Yellow-legged Gull


In the harbour one morning we chanced upon a Common Sandpiper which posed quite nicely for my camera. This was the morning we found other Lanzarote birds posing for a fashion photo-shoot, the assembled yachts providing a colourful backdrop.

Common Sandpiper

Lanzarote Posers

Lanzarote Posers

There, I just knew those sunny scenes would cheer everyone up.

Thursday, January 26, 2012

Wary Times

It looked as if the afternoon might be the better part of the breezy day, so I delayed my trip out to Rawcliffe Moss until lunchtime; mistake, within minutes of arriving the showers began and I spent the next couple of hours warily studying encroaching banks of cloud or dodging bouts of rain and hail. In between I managed to see a few bits and pieces, details to follow.

As I drove onto the farm where we ring I saw 2 Kestrels in the vicinity of a several holey trees, one of which Kestrels bred in last year. The winds of the winter have done their best to finish off already damaged trees and come springtime I imagine there will be lots of suitable sites for hole nesting species like Kestrels, owls and Stock Doves. Talking of Stock Doves I saw a flock of 21 here today, the largest number I have seen for a while, with a slightly larger number of 40+ Woodpigeon. Unlike Wood Pigeon, the Stock Dove is not classed as a quarry species, but I find the dove is as equally wary of man as the well shot at Woodpigeon. I had to hide away in an old shed and be very quiet and unobtrusive to get the photograph below where the doves cautiously approach food put out for free range hens.

Stock Dove

At and near the feeding station were 220+ Tree Sparrow, 45 Chaffinch, 8 Reed Bunting, 2 Yellowhammer, 3 Goldfinch, 15 Long-tailed Tit and 4 Blackbird, with an overflying gang of 30 Linnets.

A walk north led me to find 2 Mistle Thrush, by now a certain pair, and that winter rarity a single Fieldfare. Just 3 Skylark up here, with 4 Grey Partridge and a gang of 200+ Jackdaw and numerous crows feeding in the stubble. Jackdaws from regularly shot farms are as hard to photograph as Stock Doves.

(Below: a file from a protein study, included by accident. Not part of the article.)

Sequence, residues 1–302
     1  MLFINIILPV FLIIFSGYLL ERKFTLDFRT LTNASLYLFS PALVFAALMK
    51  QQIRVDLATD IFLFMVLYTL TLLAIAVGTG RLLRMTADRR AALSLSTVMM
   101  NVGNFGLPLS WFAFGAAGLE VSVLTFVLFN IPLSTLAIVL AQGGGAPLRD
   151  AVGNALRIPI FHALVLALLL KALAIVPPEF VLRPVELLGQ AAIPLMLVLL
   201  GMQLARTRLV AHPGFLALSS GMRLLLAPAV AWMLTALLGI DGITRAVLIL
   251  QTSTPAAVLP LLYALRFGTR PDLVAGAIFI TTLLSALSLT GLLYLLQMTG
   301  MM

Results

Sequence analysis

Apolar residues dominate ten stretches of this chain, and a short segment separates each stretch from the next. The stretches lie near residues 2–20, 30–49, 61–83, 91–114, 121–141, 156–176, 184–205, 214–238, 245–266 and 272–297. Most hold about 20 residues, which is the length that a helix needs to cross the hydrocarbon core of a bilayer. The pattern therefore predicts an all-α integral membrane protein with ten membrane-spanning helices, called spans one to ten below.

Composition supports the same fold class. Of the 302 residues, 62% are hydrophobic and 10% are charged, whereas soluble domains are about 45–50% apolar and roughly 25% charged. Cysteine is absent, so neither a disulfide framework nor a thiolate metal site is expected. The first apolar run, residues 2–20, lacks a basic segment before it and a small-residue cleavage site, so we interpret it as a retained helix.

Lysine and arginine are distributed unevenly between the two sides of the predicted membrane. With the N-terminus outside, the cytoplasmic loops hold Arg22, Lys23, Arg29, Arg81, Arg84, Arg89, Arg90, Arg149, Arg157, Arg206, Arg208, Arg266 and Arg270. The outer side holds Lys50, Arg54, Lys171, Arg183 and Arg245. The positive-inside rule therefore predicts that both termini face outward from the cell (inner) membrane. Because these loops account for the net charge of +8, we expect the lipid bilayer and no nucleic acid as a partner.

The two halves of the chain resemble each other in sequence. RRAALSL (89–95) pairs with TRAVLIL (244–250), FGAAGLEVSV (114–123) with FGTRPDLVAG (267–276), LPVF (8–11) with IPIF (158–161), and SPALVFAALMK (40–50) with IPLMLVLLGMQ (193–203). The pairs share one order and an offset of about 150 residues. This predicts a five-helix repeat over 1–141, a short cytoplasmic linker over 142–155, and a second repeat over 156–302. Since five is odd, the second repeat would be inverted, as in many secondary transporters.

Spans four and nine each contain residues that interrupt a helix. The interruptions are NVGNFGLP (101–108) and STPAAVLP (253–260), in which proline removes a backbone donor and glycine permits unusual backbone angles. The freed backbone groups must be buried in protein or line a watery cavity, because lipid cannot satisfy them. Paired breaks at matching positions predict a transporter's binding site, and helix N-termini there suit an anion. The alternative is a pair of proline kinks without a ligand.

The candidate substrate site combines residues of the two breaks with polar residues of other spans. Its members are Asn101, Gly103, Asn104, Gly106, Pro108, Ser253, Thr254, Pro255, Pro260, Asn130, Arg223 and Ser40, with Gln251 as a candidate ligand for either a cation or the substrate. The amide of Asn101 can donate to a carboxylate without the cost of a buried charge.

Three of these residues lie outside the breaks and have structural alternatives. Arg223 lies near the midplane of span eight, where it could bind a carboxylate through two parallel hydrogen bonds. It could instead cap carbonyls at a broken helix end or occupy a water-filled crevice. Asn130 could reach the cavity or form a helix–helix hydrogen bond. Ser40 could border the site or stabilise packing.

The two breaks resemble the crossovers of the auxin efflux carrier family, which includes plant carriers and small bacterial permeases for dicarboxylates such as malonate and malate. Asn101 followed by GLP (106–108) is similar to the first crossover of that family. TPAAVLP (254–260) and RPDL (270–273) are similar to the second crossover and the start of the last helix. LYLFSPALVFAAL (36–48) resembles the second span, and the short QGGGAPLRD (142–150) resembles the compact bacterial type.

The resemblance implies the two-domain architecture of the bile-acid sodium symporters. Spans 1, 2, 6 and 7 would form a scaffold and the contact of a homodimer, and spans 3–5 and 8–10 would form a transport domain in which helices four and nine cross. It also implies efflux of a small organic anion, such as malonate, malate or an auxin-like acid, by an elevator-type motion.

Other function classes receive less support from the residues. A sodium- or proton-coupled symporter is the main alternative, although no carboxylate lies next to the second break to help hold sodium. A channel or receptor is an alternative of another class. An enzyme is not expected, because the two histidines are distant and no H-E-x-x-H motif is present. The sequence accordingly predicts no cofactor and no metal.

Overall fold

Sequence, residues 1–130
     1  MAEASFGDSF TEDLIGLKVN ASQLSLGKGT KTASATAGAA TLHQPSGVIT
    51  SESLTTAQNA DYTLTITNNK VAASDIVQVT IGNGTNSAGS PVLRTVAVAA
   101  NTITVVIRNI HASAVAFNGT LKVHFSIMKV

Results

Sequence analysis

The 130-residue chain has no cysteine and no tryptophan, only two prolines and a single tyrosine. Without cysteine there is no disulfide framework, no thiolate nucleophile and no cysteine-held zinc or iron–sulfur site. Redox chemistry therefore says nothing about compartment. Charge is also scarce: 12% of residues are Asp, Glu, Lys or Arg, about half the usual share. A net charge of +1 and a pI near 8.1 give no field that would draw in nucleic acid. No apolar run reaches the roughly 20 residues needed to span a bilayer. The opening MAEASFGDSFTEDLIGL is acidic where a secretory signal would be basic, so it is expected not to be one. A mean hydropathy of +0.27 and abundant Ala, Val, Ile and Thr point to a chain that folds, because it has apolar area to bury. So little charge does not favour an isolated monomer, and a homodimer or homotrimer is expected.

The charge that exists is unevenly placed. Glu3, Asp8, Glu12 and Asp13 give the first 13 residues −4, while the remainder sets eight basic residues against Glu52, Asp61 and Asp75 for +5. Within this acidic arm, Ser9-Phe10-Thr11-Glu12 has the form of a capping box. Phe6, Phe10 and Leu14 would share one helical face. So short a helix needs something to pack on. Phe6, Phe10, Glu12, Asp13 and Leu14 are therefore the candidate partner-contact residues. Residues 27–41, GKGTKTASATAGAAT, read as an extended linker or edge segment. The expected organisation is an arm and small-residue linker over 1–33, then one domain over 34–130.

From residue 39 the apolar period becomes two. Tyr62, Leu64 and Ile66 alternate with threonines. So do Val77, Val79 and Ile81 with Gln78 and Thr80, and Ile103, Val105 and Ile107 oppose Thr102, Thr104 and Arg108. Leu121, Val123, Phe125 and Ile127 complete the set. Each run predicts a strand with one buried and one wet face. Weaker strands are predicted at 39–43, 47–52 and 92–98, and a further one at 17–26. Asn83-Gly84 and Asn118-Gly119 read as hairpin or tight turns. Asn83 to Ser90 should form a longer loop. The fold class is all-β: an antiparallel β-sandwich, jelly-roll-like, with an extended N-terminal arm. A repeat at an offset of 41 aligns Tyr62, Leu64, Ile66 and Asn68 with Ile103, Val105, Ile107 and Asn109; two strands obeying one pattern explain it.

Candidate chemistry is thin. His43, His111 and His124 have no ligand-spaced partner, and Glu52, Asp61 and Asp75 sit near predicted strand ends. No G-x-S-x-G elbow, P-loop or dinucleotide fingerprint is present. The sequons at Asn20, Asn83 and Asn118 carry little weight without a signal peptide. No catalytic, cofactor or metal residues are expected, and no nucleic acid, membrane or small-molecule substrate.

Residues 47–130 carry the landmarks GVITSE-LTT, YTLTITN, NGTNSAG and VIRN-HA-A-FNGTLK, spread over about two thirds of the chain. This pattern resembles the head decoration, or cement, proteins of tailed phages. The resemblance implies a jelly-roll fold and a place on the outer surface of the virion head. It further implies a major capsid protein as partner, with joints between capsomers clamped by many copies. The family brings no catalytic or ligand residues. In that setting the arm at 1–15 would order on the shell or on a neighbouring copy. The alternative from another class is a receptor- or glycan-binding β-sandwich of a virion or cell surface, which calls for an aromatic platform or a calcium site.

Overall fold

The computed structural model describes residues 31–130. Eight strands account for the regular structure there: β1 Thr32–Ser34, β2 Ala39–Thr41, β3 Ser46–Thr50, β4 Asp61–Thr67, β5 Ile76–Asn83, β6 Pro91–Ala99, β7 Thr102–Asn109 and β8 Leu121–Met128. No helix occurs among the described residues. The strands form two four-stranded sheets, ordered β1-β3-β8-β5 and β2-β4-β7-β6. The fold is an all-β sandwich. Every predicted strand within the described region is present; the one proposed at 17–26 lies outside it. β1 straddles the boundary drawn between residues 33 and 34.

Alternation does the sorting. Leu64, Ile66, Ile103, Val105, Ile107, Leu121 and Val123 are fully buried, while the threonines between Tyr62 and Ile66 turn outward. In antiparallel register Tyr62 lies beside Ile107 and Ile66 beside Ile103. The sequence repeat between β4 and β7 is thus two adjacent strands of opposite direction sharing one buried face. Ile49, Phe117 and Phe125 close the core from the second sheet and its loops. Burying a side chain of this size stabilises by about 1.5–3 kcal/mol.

I walked through the deserted plantation, flushing a Roe Deer from the depths of last year’s growth and sussed out a couple of new net rides for the forthcoming spring ringing. Birds in here at the moment are few and far between, just crashing off Woodpigeons, a few Blackbirds, a couple of Wrens and early singing Dunnocks.

The walk back south to my car gave a single Buzzard and a third Kestrel, two pairs on the farm then - that’s good.


The forecast looks better for Saturday, maybe even a welcome spot of ringing.

Wednesday, January 25, 2012

Foxy Finish

Tuesday’s constant rain wasn’t an incentive for doing much, despite my not getting out much since the holiday. This morning dawned better, so it was good to get back to the local patch today where in a couple of hours I saw more species than in two weeks on Lanzarote, where although my birding was part-time, finding birds in early January proved difficult.

Not so at Pilling today where my walk turned into a good birding session even though the grey skies kept my camera in the bag. Apologies then for archive photos to illustrate today’s sightings.

On my way to Lane Ends I drove along Fluke Hall Lane to the din of 400+ Jackdaws feeding in the wet stubble field. Stopping to look closer all I could find extra were c15 Redshanks and a single Bewick’s Swan, although as I watched, 4 honking Whooper Swans flew over to the marsh. At Damside instead of the usual Lapwings were 65+ Oystercatchers and a few Redshanks probing the soft soil of the soggy fields.


I hadn’t done Lane Ends for weeks but I began to see familiar birds. Six European White-fronted Geese were in the field opposite Lane Ends, and when I checked the quiet pool the wintering Kingfisher flew low across the water to a safe distance but where partly obscured by the trees I could just make out the orange breast. Around the plantation about 15 Chaffinch fed, with at least 2 Dunnock in full song.